Comprehension requests in writing conferences.
This case study analyzes how teachers use comprehension requests in teacher-student college writing conferences. In these requests, teachers ask questions to check students' understanding of prior discussion or content within the conference itself. Because students typically respond with a sign of acknowledgement such as a head nod, active listening or true understanding may not occur.
Teacher-student writing conferences are a common practice in many college composition courses because they allow teachers to intervene during the writing process and help students overcome difficulties with their writing. In conferences, teachers "offer instruction that is different from that which is attempted in the classroom or comments on a page" (Harris 87). These one-on-one meetings provide students with opportunities to examine their writing from the readers' perspective and reassess their own writing holistically, not just microscopically.
Recent studies on conference discourse focus on ESL college composition courses and investigate language acquisition (Koshik) and students' confidence levels (Strauss and Xiang). Likewise, Richard F. Young and Elizabeth R. Miller analyze ESL conferences, but for the purposes of investigating "revision talk" and how much an ESL student participates over a series of conferences as he navigates this "unfamiliar discursive practice" (521). They contend that "the instructor and student jointly construct the changes in participation [...] as the student develops from peripheral to fuller participation" (533). While Young and Miller focus on the revision talk of ESL students, my research turns attention to the nature of conversation between native speakers and their teachers.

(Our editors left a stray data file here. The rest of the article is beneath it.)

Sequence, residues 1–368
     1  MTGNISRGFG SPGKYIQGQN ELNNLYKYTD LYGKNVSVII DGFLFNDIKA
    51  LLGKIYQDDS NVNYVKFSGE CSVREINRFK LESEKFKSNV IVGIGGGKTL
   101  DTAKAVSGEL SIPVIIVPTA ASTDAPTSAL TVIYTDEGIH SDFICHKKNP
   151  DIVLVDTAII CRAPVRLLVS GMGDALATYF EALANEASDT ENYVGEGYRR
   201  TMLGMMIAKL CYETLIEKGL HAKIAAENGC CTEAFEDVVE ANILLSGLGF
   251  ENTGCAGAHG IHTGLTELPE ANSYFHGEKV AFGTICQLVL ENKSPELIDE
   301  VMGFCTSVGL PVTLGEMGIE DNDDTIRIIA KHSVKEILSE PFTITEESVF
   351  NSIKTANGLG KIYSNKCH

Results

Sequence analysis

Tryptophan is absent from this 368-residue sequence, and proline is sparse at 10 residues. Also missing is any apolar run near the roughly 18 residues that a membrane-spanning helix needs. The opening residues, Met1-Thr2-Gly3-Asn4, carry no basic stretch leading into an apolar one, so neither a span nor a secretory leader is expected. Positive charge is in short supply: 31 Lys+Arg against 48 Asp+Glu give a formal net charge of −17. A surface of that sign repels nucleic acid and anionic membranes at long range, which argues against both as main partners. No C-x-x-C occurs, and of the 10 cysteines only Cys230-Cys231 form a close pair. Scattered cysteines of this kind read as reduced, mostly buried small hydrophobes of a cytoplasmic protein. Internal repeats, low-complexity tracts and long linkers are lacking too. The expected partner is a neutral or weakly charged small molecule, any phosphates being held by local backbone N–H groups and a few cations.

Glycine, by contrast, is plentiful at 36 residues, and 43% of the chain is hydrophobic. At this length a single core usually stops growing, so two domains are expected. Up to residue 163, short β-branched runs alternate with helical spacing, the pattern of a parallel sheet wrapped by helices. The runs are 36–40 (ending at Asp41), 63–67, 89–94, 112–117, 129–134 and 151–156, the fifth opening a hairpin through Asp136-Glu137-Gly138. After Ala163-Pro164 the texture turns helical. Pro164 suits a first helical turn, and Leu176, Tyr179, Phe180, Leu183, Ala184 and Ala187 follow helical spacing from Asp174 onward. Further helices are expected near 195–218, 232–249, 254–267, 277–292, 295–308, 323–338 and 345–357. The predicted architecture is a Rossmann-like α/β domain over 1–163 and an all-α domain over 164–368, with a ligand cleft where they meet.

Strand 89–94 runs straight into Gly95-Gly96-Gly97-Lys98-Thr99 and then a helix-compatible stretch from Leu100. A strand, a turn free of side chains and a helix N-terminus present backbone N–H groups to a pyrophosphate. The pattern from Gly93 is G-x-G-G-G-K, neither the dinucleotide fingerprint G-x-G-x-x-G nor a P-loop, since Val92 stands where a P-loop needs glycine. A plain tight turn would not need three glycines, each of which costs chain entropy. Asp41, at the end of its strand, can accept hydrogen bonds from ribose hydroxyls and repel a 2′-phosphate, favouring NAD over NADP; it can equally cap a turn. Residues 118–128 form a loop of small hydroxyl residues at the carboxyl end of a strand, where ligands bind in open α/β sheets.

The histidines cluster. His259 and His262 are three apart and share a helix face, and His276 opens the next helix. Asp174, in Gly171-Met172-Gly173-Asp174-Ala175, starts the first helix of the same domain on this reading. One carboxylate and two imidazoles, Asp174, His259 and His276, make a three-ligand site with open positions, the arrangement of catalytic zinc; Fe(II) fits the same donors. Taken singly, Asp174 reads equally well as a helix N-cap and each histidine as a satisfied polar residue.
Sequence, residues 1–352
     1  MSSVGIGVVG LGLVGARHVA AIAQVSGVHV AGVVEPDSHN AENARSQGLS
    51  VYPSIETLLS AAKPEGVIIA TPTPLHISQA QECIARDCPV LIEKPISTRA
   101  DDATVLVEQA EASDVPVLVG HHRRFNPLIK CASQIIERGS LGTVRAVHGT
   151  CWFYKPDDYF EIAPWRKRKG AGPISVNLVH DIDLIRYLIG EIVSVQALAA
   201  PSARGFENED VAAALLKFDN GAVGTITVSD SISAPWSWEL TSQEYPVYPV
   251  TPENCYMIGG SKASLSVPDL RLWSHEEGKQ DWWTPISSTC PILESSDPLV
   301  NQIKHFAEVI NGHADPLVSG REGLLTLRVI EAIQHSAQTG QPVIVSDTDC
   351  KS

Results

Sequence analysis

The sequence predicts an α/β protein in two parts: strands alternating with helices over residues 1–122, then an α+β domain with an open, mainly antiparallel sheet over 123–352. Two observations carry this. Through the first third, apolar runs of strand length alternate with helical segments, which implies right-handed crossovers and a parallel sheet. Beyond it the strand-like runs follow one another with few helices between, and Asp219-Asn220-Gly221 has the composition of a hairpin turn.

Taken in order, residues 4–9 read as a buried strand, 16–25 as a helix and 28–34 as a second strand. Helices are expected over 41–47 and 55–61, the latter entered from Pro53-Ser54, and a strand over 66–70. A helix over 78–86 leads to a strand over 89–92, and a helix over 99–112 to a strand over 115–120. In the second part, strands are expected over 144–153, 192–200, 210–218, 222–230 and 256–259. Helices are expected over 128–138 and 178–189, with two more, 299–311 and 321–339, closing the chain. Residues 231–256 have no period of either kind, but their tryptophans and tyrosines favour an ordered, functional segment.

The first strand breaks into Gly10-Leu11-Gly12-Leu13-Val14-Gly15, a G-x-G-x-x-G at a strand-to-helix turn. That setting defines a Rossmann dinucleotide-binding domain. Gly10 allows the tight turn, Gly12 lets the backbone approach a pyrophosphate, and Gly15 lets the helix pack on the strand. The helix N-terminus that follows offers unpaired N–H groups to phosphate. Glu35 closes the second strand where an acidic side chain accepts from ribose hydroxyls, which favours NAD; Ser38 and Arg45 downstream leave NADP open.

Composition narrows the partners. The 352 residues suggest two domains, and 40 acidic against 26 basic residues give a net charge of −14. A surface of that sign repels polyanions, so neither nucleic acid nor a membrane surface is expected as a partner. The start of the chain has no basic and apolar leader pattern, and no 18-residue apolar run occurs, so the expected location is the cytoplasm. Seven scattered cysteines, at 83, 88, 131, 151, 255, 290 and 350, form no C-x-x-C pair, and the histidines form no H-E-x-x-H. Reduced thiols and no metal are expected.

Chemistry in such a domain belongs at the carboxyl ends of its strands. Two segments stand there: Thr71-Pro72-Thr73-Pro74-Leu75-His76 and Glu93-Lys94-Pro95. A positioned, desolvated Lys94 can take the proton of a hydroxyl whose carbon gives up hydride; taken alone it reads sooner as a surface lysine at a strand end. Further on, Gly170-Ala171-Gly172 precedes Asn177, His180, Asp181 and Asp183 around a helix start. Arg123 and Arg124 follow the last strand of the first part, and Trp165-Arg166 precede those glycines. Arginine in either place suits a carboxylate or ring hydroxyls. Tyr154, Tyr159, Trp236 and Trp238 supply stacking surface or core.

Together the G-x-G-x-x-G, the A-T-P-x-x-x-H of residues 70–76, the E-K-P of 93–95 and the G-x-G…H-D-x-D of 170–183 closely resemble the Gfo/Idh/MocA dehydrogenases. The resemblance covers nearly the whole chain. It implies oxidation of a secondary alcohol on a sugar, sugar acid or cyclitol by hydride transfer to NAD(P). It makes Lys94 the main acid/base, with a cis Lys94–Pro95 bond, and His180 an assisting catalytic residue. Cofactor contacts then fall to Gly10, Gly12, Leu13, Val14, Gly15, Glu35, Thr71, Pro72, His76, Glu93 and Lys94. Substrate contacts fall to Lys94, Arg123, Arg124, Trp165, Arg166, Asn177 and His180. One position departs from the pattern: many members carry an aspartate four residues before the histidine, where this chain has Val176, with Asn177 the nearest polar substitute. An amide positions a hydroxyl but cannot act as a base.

Using case study methodology and conversation analysis, I describe how students and teachers display their reactions to what the other is saying in conferences. In particular, I focus on how students and teachers mutually use response tokens to let the other know how they are understanding and evaluating what is being said. According to Rod Gardner, response tokens, such as continuers and acknowledgments, are important in social interaction because they provide the speaker with information about how the listener reacts to his or her utterances (3). For example, most commonly "mm hm" and "yeah" are used to indicate agreement or understanding, while "uh uh" and head shakes show a lack of agreement or confusion. While tokens, head nods, and eye gazes contribute to and improve the flow of the conference (i.e., nodding encourages the speaker to continue talking), it is not clear if the listener truly understands what the speaker is saying. This article addresses the question of how teachers check students' comprehension of the conference discussion.
The study took place over one semester, Fall 2003, at a Midwest urban research university of 24,000 students. Participants included two college composition instructors and four students--all were part of English 102 (College Writing and Research), the second course of a two-course sequence. Instructors provided all documents (syllabi, handouts, assignments) distributed to students, plus evaluated student drafts. Students provided all drafts written before and after conferences to help me detect and analyze changes in drafts. I conducted interviews at the beginning of the study to determine the instructors' teaching backgrounds and the students' writing backgrounds. Furthermore, I conducted interviews after each conference to determine if each participant's expectations were met. Then, I met with each participant at the conclusion of the study to ask questions about their experiences as a whole with conferences and the study. I entered the community by observing classes and conferences and taking field notes of the setting, body language during discourse, and initial impressions. I videotaped conferences to view nonverbal communication. Also, I audiotaped each conference for discourse analysis and as a backup to the videotape.